In this story Allison Kane shares her experience suffering a stroke and a ruptured brain aneurysm.
“At the beginning of April 2021, I was running and had a sharp pain in the right side of my head. I stopped and took a break. Over the next few weeks, I had a dull headache in the middle of my head and some blurry vision with pain behind my eyes. I started getting some intermittent sharp thunderclap headaches. I went to my doctor, who diagnosed me with a sinus infection and sent me home with some antibiotics.
The headaches still came and went until one day; I was hit with one so severe I called my husband and told him I felt like I was dying and needed him to come home.
He got home to find me in the corner of our bedroom on the floor. I remember him asking me questions when he was on the phone with the 911 operator, like can you lift your left arm( I couldn’t) say I love you to him, to which I answered yes in a mumbled slur. She told him I was exhibiting stroke signs and needed to go to the hospital. I have no visual memory, but I do recall hearing the stretcher wheels and other noises as they wheeled me down the stairs into the ambulance. I threw up everywhere on the ride, which is probably when the rupture occurred. When I got to the hospital, I had facial drooping, and they did an MRI that showed I had blood on my brain – a stroke and a ruptured aneurysm! Probably one set off the other. I needed coils inserted where the bleeding was.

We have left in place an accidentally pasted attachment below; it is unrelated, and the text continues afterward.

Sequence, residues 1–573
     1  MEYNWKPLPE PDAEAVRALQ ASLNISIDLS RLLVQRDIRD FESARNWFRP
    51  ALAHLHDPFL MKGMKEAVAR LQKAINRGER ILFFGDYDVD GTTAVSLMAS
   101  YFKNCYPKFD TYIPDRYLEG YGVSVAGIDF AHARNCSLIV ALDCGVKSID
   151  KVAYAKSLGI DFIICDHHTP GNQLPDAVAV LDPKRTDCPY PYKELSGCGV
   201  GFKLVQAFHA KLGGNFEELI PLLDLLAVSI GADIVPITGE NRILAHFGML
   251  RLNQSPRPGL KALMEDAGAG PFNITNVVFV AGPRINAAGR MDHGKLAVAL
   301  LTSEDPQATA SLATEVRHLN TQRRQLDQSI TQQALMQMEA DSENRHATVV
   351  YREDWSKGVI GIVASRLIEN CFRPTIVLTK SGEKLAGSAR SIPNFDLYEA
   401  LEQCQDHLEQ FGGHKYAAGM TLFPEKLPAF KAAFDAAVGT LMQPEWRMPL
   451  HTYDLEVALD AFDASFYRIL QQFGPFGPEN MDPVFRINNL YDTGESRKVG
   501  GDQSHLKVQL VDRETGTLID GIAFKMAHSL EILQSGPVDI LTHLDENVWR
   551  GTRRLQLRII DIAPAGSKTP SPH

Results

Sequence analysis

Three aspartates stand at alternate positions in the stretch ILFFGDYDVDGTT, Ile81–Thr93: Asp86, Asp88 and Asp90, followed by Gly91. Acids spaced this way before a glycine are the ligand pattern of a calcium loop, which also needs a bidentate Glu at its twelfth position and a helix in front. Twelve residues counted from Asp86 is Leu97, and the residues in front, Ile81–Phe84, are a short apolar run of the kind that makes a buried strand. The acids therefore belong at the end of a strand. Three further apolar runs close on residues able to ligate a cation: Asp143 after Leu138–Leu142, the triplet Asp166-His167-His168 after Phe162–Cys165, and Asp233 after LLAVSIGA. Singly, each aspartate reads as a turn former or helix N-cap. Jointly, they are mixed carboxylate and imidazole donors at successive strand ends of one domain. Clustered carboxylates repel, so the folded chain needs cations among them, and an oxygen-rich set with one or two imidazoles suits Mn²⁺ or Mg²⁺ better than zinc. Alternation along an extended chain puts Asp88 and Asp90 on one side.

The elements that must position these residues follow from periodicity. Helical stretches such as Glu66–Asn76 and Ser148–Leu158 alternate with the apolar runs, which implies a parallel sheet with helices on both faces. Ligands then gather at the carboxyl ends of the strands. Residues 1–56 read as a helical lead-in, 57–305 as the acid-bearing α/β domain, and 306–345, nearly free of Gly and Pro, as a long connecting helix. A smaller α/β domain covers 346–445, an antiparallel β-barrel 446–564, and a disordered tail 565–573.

At that time, the hospital had an on-call contract vascular surgeon from the closest big city since they lacked one, and it was his first day there. He also happened to be one of the nation’s best! What a miracle!
After the surgery, they put me in a medically induced coma and ventilator. The doctor told my family I might survive for three days, and if I did, they would see my deficiencies. I woke up on the second day talking.
At first, I could not feel my left arm and leg, but it came back. I also lack my left peripheral vision but am told by my doctors it can still come back. The following 3 weeks in the ICU were a blur and confused state for me. I then went for a month of inpatient rehabilitation. They worked on walking with me in a harness then with a hemi walker. When I came home, I continued physical and occupational therapy sessions. I started walking with a cane 6 months later, then eventually, on my own I, completed hyperbaric oxygen treatments, which helped my weak left side and cognitive abilities. My faith, friends, and family have gotten me through this. I am grateful for each day I spend with my husband and daughters.